Membership & Engagement: Who has been attracted to the network and who hasn’t that it would be desirable to have? What are the types of engagement in the network and to what degree do members engage in the network? Are the network’s rules/incentives for member engagement effective? Are there barriers that prevent/reduce member engagement?

Network Connectivity: What are the relationships among members? What level of reciprocity and trust has been built? What is being transacted between members? How has member connectivity evolved over time? What is the connectivity “shape” of the network (different patterns of connectivity—e.g., super hubs; multiple hubs; clusters) and how does the shape enable or block network efficiency and effectiveness?

Network Alignment: How well are network members aligned around ideas, goals, strategies, standards, and other guideposts? To what extent does alignment in the network influence members’ actions?

Network Production: To what extent has the network’s connectivity and alignment created conditions for collaboration/co-production by network members of, for instance, usable knowledge, policy change, services, or innovations. How well do network production processes function?

Other Network Capabilities: Which other network capabilities (e.g., network reach and resilience) matter to the network’s health—and what is their condition?

Governance: Does the network’s structure for decision-making enable members? Is it efficient and effective? Does it promote member confidence in and loyalty toward the network? What are the network’s monitoring and feedback loops and how well are they being used? What is the network’s resonance to members’ interests/actions? What is its adaptive capacity?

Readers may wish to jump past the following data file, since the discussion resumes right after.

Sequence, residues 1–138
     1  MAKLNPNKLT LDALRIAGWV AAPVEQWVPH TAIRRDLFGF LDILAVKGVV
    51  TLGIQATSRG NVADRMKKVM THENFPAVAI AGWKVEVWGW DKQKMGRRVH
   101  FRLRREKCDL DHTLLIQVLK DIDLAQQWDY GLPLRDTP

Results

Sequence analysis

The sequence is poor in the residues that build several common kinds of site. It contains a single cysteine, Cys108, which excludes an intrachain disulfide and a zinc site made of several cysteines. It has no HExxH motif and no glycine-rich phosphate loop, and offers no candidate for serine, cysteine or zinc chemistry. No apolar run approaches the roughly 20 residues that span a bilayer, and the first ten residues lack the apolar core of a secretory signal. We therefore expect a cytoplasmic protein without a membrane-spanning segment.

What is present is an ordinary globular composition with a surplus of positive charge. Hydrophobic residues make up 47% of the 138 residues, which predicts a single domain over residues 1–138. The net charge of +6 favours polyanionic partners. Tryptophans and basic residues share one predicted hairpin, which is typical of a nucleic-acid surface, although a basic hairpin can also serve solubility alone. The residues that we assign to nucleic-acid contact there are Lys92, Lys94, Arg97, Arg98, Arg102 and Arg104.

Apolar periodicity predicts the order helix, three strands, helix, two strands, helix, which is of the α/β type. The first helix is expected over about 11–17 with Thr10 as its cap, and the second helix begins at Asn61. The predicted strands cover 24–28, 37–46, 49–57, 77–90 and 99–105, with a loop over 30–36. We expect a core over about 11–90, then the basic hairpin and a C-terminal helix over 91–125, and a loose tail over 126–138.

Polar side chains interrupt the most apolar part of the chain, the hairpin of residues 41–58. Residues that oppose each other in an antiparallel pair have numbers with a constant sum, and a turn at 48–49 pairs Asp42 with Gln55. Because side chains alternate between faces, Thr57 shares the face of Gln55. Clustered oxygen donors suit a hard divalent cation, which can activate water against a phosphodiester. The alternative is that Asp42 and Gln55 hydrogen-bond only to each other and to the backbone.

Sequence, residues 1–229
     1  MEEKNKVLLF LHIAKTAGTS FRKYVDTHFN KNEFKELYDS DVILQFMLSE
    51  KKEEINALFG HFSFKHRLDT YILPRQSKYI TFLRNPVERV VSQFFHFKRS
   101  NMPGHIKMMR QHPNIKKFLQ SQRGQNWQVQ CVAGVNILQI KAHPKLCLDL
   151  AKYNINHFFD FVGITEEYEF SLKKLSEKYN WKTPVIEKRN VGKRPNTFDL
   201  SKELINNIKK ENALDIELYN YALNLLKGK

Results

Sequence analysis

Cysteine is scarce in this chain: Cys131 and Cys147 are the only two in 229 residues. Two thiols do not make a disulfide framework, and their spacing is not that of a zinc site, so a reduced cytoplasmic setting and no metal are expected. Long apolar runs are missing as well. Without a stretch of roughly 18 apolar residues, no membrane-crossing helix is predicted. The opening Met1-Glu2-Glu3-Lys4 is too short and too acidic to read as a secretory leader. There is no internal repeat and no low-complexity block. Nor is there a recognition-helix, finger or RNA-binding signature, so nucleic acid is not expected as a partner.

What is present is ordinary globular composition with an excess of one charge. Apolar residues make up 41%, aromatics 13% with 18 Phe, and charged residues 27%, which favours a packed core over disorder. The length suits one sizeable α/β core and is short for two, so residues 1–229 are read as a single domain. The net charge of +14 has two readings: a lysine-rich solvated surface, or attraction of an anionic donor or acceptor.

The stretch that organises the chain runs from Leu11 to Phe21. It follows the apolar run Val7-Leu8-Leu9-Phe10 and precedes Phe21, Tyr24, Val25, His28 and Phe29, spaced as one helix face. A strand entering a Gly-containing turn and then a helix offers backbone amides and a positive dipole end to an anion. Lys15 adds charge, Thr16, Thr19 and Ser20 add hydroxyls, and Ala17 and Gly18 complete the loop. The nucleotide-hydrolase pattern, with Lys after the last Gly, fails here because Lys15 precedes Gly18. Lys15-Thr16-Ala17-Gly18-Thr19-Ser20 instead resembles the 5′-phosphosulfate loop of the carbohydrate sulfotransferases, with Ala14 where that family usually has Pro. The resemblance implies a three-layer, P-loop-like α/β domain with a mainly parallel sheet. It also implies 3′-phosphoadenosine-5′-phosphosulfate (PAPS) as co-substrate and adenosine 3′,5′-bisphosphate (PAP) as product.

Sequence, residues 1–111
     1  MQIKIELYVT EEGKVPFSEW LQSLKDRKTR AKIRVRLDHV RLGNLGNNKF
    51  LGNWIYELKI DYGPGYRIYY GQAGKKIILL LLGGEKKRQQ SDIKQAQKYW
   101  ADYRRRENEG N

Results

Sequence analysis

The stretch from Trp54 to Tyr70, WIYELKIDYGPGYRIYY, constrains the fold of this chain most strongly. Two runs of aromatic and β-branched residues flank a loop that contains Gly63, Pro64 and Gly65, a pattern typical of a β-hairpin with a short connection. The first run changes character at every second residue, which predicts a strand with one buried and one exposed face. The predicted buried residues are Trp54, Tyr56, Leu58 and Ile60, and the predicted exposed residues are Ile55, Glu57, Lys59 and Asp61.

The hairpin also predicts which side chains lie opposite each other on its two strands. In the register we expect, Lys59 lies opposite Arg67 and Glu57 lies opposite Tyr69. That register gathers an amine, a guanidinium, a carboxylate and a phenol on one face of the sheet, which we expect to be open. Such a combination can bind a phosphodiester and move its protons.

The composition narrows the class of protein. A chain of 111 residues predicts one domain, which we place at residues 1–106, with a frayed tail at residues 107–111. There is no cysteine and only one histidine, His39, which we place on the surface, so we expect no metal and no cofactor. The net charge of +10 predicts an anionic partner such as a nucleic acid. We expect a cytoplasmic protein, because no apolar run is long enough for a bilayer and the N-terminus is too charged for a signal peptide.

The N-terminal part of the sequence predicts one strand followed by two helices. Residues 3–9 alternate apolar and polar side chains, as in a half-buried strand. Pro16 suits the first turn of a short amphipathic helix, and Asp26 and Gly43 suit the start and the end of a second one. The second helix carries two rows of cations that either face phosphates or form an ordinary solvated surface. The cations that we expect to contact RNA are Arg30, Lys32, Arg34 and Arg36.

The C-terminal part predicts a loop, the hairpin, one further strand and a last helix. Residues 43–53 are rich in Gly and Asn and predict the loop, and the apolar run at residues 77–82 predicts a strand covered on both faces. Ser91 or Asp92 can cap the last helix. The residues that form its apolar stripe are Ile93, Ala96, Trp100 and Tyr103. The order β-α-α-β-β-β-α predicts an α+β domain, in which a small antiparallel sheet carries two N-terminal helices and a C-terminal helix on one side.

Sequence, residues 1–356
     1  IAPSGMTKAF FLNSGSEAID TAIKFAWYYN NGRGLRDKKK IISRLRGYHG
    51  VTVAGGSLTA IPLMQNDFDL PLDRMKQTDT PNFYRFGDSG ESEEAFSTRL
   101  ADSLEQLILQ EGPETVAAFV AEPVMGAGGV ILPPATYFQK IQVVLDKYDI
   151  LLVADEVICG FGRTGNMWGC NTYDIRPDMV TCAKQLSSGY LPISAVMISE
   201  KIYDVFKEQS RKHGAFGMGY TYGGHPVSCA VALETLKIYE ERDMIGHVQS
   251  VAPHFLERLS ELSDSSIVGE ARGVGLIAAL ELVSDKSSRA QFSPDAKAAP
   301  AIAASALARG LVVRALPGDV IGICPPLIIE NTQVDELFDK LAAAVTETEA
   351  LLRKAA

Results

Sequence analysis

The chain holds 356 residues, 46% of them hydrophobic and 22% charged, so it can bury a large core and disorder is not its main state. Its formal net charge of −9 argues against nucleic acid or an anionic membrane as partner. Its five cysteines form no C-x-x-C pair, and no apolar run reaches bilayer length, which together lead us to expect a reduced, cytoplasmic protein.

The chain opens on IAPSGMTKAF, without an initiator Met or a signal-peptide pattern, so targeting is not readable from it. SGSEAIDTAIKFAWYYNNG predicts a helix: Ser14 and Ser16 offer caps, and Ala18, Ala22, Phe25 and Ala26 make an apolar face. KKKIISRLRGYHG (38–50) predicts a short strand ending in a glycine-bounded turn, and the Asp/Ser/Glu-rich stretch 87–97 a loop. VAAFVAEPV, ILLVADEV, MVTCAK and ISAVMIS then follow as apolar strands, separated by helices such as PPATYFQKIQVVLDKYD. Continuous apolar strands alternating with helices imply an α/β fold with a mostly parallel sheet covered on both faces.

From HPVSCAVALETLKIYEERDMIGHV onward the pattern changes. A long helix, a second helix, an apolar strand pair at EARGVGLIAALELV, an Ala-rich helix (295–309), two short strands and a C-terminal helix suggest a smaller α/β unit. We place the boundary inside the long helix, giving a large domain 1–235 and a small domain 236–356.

Business Model: What is the value chain within the markets and other contexts within which the network operates? What products and services—value creation– does the network offer? What is the network’s business model—revenues and costs—and how will it be sustained?

Operations: How well does the network enable members to benefit from the network through coordination of and communications among members, access to shared resources, working group leadership, and peer-to-peer exchange and learning? What staffing, mechanisms, and resources are in place? Which members do/don’t use them?

Strategic Communications: How is the network positioned with external audiences/stakeholders to achieve its goals? In what ways can the network’s external connections, capacities, and brand be leveraged for greater impact or to attract more resources?

Impacts: What measurable impact is the network having in achieving its purpose and goals? What impact is participating in the network having on the way members think and act? How can the network effectively measure its impact on a continuing basis—and use the information for improving its performance?

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Network Tool: Network Health Scorecard

Regular check ups can help network builders track progress and decide what the network needs next. The Network Health Scorecard provides a quick series of questions that can yield a useful assessment of the health of your network - diagnosing strengths and areas for growth.